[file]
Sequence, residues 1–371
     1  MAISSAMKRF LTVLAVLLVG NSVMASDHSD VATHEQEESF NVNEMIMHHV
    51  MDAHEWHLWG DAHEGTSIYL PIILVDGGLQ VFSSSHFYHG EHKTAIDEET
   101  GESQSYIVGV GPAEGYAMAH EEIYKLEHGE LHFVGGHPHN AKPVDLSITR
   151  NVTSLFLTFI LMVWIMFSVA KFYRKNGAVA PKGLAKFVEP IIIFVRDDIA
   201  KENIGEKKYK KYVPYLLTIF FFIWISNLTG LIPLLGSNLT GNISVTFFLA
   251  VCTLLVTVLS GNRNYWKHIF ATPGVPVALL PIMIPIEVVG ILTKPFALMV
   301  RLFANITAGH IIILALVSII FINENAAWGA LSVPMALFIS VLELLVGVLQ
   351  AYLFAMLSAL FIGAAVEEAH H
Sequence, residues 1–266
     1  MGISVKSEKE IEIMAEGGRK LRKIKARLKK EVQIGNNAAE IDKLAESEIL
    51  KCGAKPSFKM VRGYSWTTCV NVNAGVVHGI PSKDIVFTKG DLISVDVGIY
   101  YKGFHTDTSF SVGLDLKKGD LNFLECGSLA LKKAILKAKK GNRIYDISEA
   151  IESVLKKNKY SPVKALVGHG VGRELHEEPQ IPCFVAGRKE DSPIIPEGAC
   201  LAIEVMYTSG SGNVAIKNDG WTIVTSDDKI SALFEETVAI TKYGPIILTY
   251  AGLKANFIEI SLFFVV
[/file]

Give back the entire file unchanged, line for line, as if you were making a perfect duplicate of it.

Sequence, residues 1–371
     1  MAISSAMKRF LTVLAVLLVG NSVMASDHSD VATHEQEESF NVNEMIMHHV
    51  MDAHEWHLWG DAHEGTSIYL PIILVDGGLQ VFSSSHFYHG EHKTAIDEET
   101  GESQSYIVGV GPAEGYAMAH EEIYKLEHGE LHFVGGHPHN AKPVDLSITR
   151  NVTSLFLTFI LMVWIMFSVA KFYRKNGAVA PKGLAKFVEP IIIFVRDDIA
   201  KENIGEKKYK KYVPYLLTIF FFIWISNLTG LIPLLGSNLT GNISVTFFLA
   251  VCTLLVTVLS GNRNYWKHIF ATPGVPVALL PIMIPIEVVG ILTKPFALMV
   301  RLFANITAGH IIILALVSII FINENAAWGA LSVPMALFIS VLELLVGVLQ
   351  AYLFAMLSAL FIGAAVEEAH H
Sequence, residues 1–266
     1  MGISVKSEKE IEIMAEGGRK LRKIKARLKK EVQIGNNAAE IDKLAESEIL
    51  KCGAKPSFKM VRGYSWTTCV NVNAGVVHGI PSKDIVFTKG DLISVDVGIY
   101  YKGFHTDTSF SVGLDLKKGD LNFLECGSLA LKKAILKAKK GNRIYDISEA
   151  IESVLKKNKY SPVKALVGHG VGRELHEEPQ IPCFVAGRKE DSPIIPEGAC
   201  LAIEVMYTSG SGNVAIKNDG WTIVTSDDKI SALFEETVAI TKYGPIILTY
   251  AGLKANFIEI SLFFVV